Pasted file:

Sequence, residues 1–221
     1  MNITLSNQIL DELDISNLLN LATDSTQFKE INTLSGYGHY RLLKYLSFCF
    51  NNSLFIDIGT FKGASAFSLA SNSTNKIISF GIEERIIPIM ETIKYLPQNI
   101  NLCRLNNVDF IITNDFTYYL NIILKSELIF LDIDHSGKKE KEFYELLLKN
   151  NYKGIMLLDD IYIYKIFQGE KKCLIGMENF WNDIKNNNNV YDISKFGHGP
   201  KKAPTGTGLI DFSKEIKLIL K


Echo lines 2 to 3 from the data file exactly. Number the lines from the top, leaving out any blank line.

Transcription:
     1  MNITLSNQIL DELDISNLLN LATDSTQFKE INTLSGYGHY RLLKYLSFCF
    51  NNSLFIDIGT FKGASAFSLA SNSTNKIISF GIEERIIPIM ETIKYLPQNI